Will the bail reforms survive the session?
Will the bail reforms survive the session?
New York City’s plan to build new jails to replace the notorious Rikers Island complex dominated headlines this fall – and those plans got a boost from Albany, in the form of new laws that are expected to seriously reduce the number of New Yorkers detained before trial. But debate continues on that law, and other related measures. Here’s a preview of the biggest criminal justice issues of the 2020 state legislative session.
New laws limiting cash bail don’t take effect until Jan. 1, but a legislative battle is already brewing over whether there should be amendments to the far-reaching reforms that passed as part of the state budget deal earlier this year. The new bail law basically abolishes cash bail for all but the most serious felonies and misdemeanors, and requires judges to give criminal defendants the most lenient form of pretrial detention possible. Critics say this will endanger public safety – although those same defendants are already eligible for release under the existing system if they can afford bail. One bipartisan effort seeks to reopen the debate over whether the “dangerousness” of a criminal suspect should be considered when determining whether a defendant is released pretrial. While that proposal has traction among moderate Democrats and has become a talking point for Republicans, it is a non-starter for progressive Democrats who kept it out of the original legislative package.
But that’s not to say Democrats are set on sticking with the laws as written. Both state Senate Deputy Majority Leader Michael Gianaris and state Senate Codes Committee Chairman Jamaal T. Bailey have signaled they are open to revisiting the reforms once they’ve taken effect.
Local governments and prosecutors may have more luck with securing additional funding to comply with – rather than tweaking – the new legislation, which also includes speedy trial and discovery laws mandating that prosecutors and courts move faster to try suspects and more readily disclose evidence before and during trial. Gianaris, a leading proponent of the criminal justice reforms, recently told reporters that he would be willing to discuss higher funding levels.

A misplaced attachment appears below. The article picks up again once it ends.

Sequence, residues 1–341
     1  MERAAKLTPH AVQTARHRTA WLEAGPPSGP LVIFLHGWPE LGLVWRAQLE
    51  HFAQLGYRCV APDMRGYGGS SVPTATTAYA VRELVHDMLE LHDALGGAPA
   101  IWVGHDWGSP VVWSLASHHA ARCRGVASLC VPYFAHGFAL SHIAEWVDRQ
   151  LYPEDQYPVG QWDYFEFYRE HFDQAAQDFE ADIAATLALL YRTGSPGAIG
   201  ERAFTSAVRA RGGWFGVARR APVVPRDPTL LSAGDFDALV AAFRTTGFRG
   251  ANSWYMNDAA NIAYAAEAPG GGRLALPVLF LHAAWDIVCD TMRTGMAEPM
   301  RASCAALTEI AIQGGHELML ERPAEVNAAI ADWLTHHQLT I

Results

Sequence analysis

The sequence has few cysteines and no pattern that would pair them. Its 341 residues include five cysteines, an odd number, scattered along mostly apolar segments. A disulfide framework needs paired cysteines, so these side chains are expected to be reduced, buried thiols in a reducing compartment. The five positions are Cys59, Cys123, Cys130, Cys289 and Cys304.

Among the biggest disappointments for criminal justice reform advocates in the previous session was the failure to pass the Humane Alternatives to Long-term Solitary Confinement Act. Though they are pushing for legislative leaders to again take up the bill – which would limit solitary confinement in local jails and state prisons to 15 days – on the first day of the upcoming session, there have been no indications that state Senate Majority Leader Andrea Stewart-Cousins and Assembly Speaker Carl Heastie will do so. The state Legislature could take up the bill later, though Gov. Andrew Cuomo has already taken administrative action to limit the use of solitary confinement. Like other criminal justice issues, the issue of solitary confinement divides progressive activists and unions that represent police and corrections officers as well as moderate Democratic lawmakers wary of appearing soft on crime. Solitary confinement has become an issue for several left-wing primary challengers targeting incumbent Democrats.
Talk of repealing state Civil Rights Law Section 50-a has heated up even further following the August dismissal of NYPD Officer Daniel Pantaleo, who put Eric Garner in a fatal chokehold in 2014. Section 50-a, in many cases, keeps secret the identities of police officers accused of wrongdoing, and criminal justice reform-minded Democrats have pushed for its repeal for years. Bailey, the Codes Committee chairman and sponsor of the repeal bill, calls it his top priority. Cuomo has more or less been quiet on the issue, but Pantaleo’s firing – along with a pair of contentious public hearings this fall – may force him to take a side. The primary opposition comes from the police unions, who claim too much disclosure would put their officers at risk. Though NYPD leaders support reforming the law and not repealing it, some lawmakers may be wary of facing the wrath of the police unions.
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